(Source: Hojusaram; CC BY-SA 2.0)
Let me take that break this weekend by posing a couple of questions to readers for a change: if you have a Korean partner, but aren’t married, do you live with him or her? And if so, do his or her parents know about the arrangement? Or is it a secret, which is what I expect most of you to say?
I say that because it’s been nine years now since my then girlfriend moved in with me back in Jinju, and I remember how for the next four years until our marriage she was determined to keep it a secret from her parents, who still think she lived in a “one-room” (원룸) with her younger sister all that time. Fortunately, they and most of her relatives were farmers who lived an hour’s bus-ride out of town, so it was only on the very rare occasion when we were out together that her spotting one in the distance had me hurriedly climbing over walls and up trees to get out of sight. Literally and figuratively then, Koreans’ conservative attitudes to cohabitation was the first cultural difference I really grappled with, and truthfully it was what ultimately inspired to me to start this blog too, my bristling years ago at most Koreans’ blanket assertions that conveniently ill-defined—yet somehow also timeless and unchanging—”Korean culture” was responsible for them, and my wanting to dig deeper.
In reality though, it doesn’t take half an hour up a tree dwelling on the subject to demonstrate that extremely high security deposits demanded of tenants, combined with absurdly low wages provided by part-time jobs, would make living away from home next to impossible for most young people. Change either economic disincentive though, then despite cultural prohibitions, in my experience many young Koreans can, will, and do leave the stifling confines of their homes the instant they’re given the opportunity.
Those young Koreans that can’t live away from home though, must reconcile themselves to the fact, and so by their mid to late-20s — when they do have the means to leave — I find that (as a psychological coping mechanism?) they can ironically often end up being among the stoutest of defenders of living with their parents instead. Hearing it from men specifically though, I don’t need to invoke that notion, for there is plenty of truth to the stereotype that they have all the comforts of having their housework done for them and with none of the restrictions applied to their sisters; hell, in their case I’d probably stay at home too. But a defense of the arrangement from the latter? Of the curfews often applied on them, and parents’ expectations that after working hard studying and/or pursuing their careers during the day, that they still should have to do a load of housework once they arrive home at 11pm? That will never cease to amaze me, and if I know that a Korean woman has the means to leave home but still tolerates such living arrangements, then in all seriousness we could never be friends: I’ve just had too many experiences of feeling like I’m talking to a 27 year-old teenager, and/or of wanting to grab her and shake some sense into her, demanding that she stop moaning to me about her mother and take some control of her life.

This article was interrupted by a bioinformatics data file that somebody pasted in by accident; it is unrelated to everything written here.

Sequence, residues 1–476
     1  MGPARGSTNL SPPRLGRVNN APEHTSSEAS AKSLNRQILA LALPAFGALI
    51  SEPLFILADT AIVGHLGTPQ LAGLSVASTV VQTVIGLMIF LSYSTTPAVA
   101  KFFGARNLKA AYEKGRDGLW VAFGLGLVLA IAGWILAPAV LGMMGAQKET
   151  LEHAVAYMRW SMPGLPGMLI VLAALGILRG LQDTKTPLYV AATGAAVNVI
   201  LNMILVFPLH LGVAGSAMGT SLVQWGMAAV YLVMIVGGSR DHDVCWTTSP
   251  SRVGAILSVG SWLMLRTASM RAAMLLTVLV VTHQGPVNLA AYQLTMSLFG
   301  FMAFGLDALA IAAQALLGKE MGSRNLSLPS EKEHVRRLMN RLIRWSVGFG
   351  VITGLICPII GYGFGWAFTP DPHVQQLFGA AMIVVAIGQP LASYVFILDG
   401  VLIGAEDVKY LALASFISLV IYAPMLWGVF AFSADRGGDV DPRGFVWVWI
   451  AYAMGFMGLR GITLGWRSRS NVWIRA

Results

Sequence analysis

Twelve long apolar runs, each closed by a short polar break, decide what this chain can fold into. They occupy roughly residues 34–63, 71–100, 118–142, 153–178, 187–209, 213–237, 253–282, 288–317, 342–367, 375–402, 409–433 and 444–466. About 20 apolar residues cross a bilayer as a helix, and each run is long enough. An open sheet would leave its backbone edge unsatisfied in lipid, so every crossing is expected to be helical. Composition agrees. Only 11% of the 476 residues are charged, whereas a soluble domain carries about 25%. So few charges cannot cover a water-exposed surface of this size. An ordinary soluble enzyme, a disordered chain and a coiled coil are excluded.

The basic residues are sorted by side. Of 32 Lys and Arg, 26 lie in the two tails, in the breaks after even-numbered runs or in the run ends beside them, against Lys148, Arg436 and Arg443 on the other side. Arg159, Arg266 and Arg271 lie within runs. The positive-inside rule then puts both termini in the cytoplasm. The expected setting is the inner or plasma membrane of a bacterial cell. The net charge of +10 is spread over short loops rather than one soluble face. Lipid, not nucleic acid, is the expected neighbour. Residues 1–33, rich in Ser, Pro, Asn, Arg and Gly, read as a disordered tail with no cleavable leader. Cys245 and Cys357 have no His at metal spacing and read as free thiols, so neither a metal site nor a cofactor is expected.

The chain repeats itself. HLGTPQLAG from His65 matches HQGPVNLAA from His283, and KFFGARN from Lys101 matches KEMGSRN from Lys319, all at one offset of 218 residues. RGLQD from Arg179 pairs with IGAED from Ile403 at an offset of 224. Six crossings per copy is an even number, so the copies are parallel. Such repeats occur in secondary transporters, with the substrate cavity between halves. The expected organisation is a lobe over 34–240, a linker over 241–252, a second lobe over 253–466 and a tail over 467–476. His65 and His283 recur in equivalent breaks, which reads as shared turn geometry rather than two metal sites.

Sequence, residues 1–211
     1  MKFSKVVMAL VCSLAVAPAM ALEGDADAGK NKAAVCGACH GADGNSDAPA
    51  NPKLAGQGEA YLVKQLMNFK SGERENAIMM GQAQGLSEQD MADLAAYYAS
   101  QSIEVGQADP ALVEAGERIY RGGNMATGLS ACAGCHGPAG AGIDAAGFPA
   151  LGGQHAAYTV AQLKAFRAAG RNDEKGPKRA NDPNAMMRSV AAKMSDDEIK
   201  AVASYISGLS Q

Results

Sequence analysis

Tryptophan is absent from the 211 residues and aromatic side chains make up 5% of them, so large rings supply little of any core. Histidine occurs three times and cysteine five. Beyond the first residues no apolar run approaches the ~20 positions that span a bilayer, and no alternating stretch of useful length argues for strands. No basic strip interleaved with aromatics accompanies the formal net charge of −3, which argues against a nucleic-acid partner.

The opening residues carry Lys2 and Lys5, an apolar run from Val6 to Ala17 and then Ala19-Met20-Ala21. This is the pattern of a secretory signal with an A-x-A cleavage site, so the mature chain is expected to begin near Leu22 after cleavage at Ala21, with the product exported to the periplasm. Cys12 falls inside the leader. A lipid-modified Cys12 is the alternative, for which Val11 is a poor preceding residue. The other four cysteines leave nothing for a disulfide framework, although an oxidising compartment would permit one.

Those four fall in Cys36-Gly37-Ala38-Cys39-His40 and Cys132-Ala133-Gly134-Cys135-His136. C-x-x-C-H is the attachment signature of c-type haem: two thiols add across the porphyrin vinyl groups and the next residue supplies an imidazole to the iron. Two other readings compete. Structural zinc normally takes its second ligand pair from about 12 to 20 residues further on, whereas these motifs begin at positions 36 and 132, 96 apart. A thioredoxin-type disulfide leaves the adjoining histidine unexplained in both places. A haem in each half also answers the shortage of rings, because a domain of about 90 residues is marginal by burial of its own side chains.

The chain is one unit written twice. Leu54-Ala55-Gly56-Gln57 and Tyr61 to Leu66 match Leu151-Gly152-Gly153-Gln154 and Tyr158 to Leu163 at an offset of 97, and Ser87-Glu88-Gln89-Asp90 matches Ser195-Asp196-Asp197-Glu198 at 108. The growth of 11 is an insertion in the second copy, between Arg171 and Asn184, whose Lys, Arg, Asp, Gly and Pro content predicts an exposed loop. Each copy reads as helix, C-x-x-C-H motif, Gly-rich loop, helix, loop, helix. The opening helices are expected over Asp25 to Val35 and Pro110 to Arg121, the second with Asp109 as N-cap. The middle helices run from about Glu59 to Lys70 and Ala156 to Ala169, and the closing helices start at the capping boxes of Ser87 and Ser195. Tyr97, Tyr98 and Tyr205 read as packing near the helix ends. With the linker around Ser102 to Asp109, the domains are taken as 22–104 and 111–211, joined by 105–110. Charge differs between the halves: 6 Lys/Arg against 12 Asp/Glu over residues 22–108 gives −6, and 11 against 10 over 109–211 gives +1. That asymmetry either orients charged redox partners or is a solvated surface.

(Update: I should probably add that I find it just as difficult to be friends with men living at home too though, my respect also not extending to anyone who expects to go through their entire life with their mothers and then their wives doing all their housework for them!)
To be fair though, the “That’s Korean culture” mantra is a useful device with which to silence know-it-all foreigners, often happy to provide Koreans with their profound insights into Korean society after *cough* less than two weeks in the country, and as an immigrant to both countries I’m familiar with similar responses in Australia and New Zealand too (I’m sure it’s a universal tendency really). And while most Koreans outside of sociology departments naturally haven’t spent all that much time thinking — up a tree or otherwise — about why adult Koreans tend to live with their parents, it has to be said that when the subject came up in conversation (as it had a tendency to do so with me), that actually they did usually agree with my arguments that economics had quite a bit to do with it.